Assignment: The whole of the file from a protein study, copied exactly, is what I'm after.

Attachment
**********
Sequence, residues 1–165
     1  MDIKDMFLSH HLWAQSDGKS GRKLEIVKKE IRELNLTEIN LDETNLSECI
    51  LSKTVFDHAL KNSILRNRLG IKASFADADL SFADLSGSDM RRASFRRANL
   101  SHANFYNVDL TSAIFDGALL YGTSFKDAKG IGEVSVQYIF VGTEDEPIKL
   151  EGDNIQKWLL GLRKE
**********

Sequence, residues 1–165
     1  MDIKDMFLSH HLWAQSDGKS GRKLEIVKKE IRELNLTEIN LDETNLSECI
    51  LSKTVFDHAL KNSILRNRLG IKASFADADL SFADLSGSDM RRASFRRANL
   101  SHANFYNVDL TSAIFDGALL YGTSFKDAKG IGEVSVQYIF VGTEDEPIKL
   151  EGDNIQKWLL GLRKE